OMG UPDATE: Question? Answer.

Updated on Wednesday, March 11

#6976

QUESTION:
Anyone have any good advice on letting go of the past and past mistakes? For some specific context, I'm a 4B engineering student about to graduate and I turn 28 soon after. I feel like I should be happy I'm about to complete my undergrad but in all honesty I just feel like a massive failure for having taken this long to complete it. All my high school friends graduated from their programs in 2010 and I feel like I've wasted 5 years of my life and it's preventing me from looking forward to my future. Any advice would be appreciated. Thanks.

10 comments

  1. OP kudos, first off you are about to complete a degree in a very challenging program. Second, your life isn't going to follow the same pattern as the people you know. While age does not automatically mean maturity and wisdom, you'll probably approach the following years with more direction and focus than a lot of your mates would have in the past. Finally, you might not need to let go of the past but learn from it. Everything that you've gone through has made you who you are and influenced the decisions you've made. Let the mistakes that you so want to let go of influence you positively. Congratulations on almost graduating!

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  2. Agree with #1.
    OP you're awesome. You had the choice to give up in the midst of it but you decided to stick through it and come out stronger. It has made you grow so much more as a person and being an engineer is one of the hardest professions, but very rewarding. This is what life had in store for you so don't ponder too much over the past but look forward to graduating and starting life with a clean slate! Wish you a lot of good luck!!

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  3. Everyone has their own path to take OP. I am in a similar situation. I'll be graduating even older than you with most of my friends from high school quite well-off in their lives, hell, there are people a decade younger than me in the program I initially entered graduating way before I will. Shit happens. It happens to everyone and you had the resolve to follow through with your goals. Try to think about what is next in your future rather than lamenting over the past. Now that you're about to graduate take life by the balls and start living the way you want to live. Don't compare to others because contexts will always be different. Just get out there and dominate your field.

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  4. You're never too young or too old to go to school! I have a few friends whose parents are beginning to take uni/college classes. Everyone's path is different, OP. Education is education -- it doesn't matter how old you are. You're right where you're supposed to be. :)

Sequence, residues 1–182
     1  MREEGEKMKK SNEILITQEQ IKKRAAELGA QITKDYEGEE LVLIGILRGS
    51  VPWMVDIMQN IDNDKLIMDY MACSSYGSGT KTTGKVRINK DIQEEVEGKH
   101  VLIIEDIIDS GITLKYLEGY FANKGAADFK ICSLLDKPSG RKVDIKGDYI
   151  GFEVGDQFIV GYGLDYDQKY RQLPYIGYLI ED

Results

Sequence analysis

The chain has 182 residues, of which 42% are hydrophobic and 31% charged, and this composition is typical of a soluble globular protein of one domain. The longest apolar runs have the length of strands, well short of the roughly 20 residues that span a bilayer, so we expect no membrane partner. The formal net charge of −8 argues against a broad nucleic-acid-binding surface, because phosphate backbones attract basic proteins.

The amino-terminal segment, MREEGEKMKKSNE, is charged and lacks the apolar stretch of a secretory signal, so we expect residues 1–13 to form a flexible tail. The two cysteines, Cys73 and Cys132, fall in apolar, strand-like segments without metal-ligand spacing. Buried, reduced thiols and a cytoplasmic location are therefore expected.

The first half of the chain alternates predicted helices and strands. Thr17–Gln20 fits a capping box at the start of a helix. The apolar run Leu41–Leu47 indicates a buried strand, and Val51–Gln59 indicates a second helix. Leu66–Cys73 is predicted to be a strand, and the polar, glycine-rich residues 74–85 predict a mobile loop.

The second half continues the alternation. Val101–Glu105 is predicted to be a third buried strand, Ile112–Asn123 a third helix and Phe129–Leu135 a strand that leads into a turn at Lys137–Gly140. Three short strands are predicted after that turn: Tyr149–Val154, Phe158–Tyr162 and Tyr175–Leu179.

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  5. congrats on graduating! everyone walks their own path and it is never too late to be where you want to be. hope things work out for you in the future

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  6. I'll be 28 this summer, and will be graduating at the end of this year. I don't feel like a failure at all, but a huge success.

    One tip I can give you is this: what's the point of focusing on the past 5 years as a failure? They're gone and done, and there's nothing you can do about it, so focus on your future and just do amazing.

    Also: many people are changing careers 3-4 times in their life now, so you're in good company.

    Good luck with the rest of your life! :)

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  7. In the end, all that matters is that you graduated and got yourself an engineering degree from UW, like all the others before you. It shouldn't matter how long it took you to get it, everyone works at their own pace. And this is the thing I struggle with in UW. Also as an engineering student, I find myself under constant stress because I already failed 2 terms in my program and looking at withdrawal from engineering if it happens again. So I can't understand how you were able to extend your program for 5 years, when they are looking to kick me out if I have it extended for more than 2 years. I would rather take 10 years completing a program I like, which also happens to be extremely difficult, than get kicked out for failing more than twice in my attempt to complete the program. You've really made it through! Congratulations!

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    Replies
    1. OP here. I didn't start the program right after high school like most. I also failed two terms but after one of them I took a year off. Therefore, started at 20 + 5 year program + 2 years for failed terms + 1 year for a taking a year off = 28.

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    2. Oh I see. Well I was embarrassed when I had failed those 2 years and when I went through the whole ordeal of finding new friends amongst new classmates. However, I never truly considered my failed terms and years as a waste because I was doing something productive in all that free time. Also, I had really great co-op terms in the past and having extra co-op terms because of those failures also helped me better myself. So I don't necessarily see my failures as a waste and I hope this helps you view your failures in a new light as well.

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  8. OP here. Thanks guys for all the kind words and advice. It is very much appreciated.

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